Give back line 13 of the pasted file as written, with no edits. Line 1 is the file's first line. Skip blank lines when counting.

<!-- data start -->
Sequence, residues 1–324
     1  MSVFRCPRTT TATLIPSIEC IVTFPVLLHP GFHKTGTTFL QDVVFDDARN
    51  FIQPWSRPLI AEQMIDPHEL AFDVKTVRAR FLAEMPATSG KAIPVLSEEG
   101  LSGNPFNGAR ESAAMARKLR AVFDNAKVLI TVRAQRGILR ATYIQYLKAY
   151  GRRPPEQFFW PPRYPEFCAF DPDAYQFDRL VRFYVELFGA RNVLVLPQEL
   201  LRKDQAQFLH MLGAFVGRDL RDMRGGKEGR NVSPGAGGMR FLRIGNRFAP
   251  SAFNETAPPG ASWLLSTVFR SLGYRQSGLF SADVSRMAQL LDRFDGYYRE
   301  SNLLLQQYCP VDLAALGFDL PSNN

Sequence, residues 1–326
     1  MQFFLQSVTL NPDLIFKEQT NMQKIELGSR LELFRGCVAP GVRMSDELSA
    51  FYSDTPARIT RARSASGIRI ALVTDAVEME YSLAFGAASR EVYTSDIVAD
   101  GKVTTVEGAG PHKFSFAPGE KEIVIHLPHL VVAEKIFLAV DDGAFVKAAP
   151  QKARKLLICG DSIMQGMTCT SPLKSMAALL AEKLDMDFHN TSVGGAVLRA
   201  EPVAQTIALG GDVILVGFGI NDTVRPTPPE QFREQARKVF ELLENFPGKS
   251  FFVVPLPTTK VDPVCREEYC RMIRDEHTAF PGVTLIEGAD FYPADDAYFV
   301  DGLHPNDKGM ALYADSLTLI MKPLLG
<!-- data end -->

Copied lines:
   151  QKARKLLICG DSIMQGMTCT SPLKSMAALL AEKLDMDFHN TSVGGAVLRA